Adapted from the inaugural address of the 152nd Colorado Medical Society Annual Meeting
by Patrick Pevoto, MD, MBA
The 1972 song “Too Late to Turn Back Now” by the Cornelius Brothers and Sister Rose talks about the possible pitfalls of falling in love. However, trying to “turn back” for other reasons has its own dangers and pitfalls.
According to Brené Brown in her book “Atlas of the Heart” (Random House 2021), we need to not only understand our own emotions and experiences, but to also be good stewards of others’ emotions and experiences to make meaningful connections with one another.
One such emotion is nostalgia, a medical term coined in 1688 by Johannes Hofer, a Swiss medical student, by combining the Greek words “nostos” (homecoming) with “alga” (pain). He saw the patterns of those living far from home; the symptoms included decreased appetite, fainting, as well as an increased risk of suicide. Albert Van Holler, a Swiss physician, added the occurrence of hallucinations of the people and places one misses as experienced by many Swiss mercenaries who were fighting far-flung wars at the time.
Historian Stephanie Coontz states: “There is nothing wrong with celebrating the good things of the past. But memories, like witnesses, do not always tell the truth, the whole truth, and nothing but the truth. We need to cross-examine them recognizing and accepting the inconsistencies and gaps in those that make us proud and happy as well as those that cause us pain.”
I have been guilty of having nostalgia; wishing we still had paper charts, wishing I could have segued into a less busy and more lucrative gynecology practice, wishing there were no third parties involved in billing…the list is quite extensive. During the process of reminiscing, there are things spoken and things not spoken.
- “I wish things were the way they used to be in the good ol’ days.”
What’s not spoken:
- When people “knew their places.”
- When there was no accountability for the way my behaviors affected other people.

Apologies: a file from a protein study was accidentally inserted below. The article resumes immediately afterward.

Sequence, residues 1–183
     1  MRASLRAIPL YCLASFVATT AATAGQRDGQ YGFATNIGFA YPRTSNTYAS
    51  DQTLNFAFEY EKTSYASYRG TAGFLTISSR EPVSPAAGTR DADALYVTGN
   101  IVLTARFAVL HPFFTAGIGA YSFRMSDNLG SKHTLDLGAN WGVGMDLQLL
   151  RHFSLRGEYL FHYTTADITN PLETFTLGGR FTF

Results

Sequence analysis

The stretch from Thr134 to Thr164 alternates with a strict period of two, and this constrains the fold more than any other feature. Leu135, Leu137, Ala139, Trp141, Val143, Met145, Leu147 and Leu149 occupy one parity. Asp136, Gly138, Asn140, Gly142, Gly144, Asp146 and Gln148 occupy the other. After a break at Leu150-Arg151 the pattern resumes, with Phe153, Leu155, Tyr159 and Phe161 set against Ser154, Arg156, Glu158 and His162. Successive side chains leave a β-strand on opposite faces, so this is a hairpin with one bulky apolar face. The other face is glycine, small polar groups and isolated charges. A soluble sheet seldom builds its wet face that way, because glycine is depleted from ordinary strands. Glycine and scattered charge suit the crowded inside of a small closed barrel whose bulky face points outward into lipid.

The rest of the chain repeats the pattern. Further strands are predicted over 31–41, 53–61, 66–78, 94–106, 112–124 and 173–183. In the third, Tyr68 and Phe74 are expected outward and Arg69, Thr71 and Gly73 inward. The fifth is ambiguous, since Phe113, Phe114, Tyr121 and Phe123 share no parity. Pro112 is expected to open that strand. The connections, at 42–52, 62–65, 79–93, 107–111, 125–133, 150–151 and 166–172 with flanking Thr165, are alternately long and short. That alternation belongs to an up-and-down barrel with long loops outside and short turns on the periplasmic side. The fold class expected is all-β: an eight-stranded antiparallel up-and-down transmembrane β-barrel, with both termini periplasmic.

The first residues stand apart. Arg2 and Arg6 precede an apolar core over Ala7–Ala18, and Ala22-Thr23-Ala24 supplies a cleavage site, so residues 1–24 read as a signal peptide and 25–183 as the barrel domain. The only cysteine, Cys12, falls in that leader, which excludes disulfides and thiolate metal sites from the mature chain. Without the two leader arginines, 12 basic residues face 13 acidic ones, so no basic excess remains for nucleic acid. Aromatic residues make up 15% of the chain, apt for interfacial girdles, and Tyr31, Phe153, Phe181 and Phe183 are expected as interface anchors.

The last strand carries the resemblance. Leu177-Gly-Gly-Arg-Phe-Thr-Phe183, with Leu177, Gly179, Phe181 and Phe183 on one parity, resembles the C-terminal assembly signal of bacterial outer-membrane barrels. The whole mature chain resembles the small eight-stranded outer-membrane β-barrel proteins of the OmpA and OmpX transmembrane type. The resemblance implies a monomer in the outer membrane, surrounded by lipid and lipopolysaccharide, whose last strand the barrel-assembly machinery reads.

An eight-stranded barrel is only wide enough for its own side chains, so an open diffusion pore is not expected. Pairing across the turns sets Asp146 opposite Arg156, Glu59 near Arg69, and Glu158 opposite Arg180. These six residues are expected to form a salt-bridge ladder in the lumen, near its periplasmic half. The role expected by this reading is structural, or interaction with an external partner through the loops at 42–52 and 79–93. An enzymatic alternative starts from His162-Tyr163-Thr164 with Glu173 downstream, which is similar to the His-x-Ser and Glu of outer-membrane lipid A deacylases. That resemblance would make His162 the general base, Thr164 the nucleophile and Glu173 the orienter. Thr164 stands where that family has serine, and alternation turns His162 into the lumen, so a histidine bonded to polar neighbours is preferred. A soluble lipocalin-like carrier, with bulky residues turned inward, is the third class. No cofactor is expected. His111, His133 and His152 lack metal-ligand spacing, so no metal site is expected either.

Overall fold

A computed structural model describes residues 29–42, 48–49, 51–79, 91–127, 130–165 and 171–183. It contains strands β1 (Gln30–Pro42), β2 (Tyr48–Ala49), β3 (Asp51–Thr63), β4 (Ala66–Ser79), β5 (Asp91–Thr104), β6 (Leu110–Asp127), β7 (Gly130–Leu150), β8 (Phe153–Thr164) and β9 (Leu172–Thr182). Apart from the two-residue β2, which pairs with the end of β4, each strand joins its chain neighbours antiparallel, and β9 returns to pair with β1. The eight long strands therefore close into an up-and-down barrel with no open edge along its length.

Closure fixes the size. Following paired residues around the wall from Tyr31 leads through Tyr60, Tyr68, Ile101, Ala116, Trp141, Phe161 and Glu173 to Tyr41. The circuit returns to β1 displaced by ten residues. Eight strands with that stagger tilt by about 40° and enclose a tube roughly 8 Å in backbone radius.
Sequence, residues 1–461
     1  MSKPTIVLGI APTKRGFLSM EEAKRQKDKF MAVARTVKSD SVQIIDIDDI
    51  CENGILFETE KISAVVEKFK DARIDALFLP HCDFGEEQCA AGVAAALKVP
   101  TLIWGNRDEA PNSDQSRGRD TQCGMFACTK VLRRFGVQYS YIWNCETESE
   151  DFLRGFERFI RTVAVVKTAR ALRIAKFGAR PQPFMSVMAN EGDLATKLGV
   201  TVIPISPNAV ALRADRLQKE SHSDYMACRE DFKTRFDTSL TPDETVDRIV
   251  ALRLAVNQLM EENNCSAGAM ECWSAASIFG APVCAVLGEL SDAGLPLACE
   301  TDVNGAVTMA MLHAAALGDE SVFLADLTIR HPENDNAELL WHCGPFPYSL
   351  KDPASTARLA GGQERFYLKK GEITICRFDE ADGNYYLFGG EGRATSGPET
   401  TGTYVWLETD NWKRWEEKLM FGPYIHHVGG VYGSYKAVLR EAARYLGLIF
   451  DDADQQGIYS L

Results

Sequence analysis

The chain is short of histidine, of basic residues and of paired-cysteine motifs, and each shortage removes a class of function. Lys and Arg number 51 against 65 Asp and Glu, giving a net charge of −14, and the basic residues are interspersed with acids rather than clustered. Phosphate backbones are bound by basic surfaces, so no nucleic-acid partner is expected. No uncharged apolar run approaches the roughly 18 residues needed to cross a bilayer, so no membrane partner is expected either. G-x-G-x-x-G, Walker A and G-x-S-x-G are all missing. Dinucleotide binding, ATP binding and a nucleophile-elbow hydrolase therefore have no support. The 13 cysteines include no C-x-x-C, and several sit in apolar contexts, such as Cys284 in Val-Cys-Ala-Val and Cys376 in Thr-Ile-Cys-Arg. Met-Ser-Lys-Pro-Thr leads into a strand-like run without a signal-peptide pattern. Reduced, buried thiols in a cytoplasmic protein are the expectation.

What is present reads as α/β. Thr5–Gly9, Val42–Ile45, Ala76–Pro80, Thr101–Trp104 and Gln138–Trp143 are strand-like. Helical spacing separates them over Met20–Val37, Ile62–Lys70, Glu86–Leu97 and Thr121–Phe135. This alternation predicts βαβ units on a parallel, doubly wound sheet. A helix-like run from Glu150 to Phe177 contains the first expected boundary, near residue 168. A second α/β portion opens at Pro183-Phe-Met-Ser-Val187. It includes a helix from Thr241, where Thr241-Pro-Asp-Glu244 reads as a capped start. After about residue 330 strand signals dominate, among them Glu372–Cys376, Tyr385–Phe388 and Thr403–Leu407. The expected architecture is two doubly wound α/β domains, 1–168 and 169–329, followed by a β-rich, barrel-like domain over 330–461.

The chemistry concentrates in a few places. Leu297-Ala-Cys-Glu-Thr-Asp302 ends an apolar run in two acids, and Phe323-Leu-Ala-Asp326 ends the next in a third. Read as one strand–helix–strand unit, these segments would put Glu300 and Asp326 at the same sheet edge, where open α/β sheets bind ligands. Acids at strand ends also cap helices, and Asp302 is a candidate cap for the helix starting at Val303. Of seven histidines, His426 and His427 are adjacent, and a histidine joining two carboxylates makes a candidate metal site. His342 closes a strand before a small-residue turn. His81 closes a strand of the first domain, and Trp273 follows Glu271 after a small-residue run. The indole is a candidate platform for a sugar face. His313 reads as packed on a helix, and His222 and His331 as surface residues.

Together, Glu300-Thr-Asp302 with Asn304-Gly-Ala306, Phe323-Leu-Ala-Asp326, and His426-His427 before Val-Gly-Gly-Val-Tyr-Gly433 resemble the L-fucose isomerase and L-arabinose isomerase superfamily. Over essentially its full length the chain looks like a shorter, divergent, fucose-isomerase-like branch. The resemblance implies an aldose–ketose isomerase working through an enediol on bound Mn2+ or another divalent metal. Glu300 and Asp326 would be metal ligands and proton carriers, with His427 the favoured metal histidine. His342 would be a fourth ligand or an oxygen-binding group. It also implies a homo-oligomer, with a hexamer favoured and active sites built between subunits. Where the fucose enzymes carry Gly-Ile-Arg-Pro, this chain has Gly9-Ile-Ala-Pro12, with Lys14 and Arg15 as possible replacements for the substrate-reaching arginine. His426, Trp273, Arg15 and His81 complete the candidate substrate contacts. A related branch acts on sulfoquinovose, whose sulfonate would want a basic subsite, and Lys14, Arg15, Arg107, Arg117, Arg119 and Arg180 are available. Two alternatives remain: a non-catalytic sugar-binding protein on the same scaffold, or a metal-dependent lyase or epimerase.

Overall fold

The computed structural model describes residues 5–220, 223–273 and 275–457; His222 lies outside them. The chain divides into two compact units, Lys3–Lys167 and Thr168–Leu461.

- When we ignored other people’s pain if it caused us discomfort.
- When my authority was absolute and never challenged.
In further defining nostalgia, it could be characterized as a yearning for the way things used to be in our often idealized and self-protective version of the past.
Historian Coontz also adds: “Were the comfort and safety of that past experience real? If so, were they at someone else’s expense?”
I think I have tried to be in control of as much of my life as possible. It is probably one of the main reasons I chose medicine as my career. It seemed to me that many other occupations had the hidden threat of losing one’s job, many times at the whim of someone else, for a myriad of reasons. At least if I started my own medical practice, and became proficient at it, I could “call all the shots.” One could say that I had a fear of losing control.
What do we really control in life? As Michael Singer often says (with editorial changes), “We are on this speck of dirt in mostly empty space. Why do we let things that are entirely out of our control (weather, traffic, legislatures) affect us so much?” We either grasp and cling to the “feel-goods” of life or resist/push away those things we don’t like. It is like the following.
I like it when:
- Things go the way I want/plan.
- I don’t have to respond to “Google-researched” questions.
- There are no “soul suckers” on my schedule today.
- Traffic is not “heavy,” and people drive with intelligence.
- The foursome in front of me actually plays “ready golf.”
- We tend to grasp these sorts of things.
I don’t like it when:
- Patients/nurses/etc. challenge my advice.
- The same patient comes in weekly, if not more frequently, with the same complaint.
- The surgical tech throws away the sterile marker that I requested on “my card” because she does not think I need it, telling me “no one else does.”
- The rules/protocols change almost daily.
We tend to push these away.